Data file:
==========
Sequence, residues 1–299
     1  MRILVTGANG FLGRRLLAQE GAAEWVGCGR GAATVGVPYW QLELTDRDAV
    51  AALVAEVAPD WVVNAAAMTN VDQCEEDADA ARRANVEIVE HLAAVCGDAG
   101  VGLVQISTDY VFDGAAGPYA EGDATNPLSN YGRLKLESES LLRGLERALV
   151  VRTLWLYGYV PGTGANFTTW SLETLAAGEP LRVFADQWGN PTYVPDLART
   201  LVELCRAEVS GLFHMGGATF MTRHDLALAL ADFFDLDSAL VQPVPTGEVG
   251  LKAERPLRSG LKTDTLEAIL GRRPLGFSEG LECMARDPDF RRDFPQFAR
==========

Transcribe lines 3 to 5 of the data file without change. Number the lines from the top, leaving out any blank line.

    51  AALVAEVAPD WVVNAAAMTN VDQCEEDADA ARRANVEIVE HLAAVCGDAG
   101  VGLVQISTDY VFDGAAGPYA EGDATNPLSN YGRLKLESES LLRGLERALV
   151  VRTLWLYGYV PGTGANFTTW SLETLAAGEP LRVFADQWGN PTYVPDLART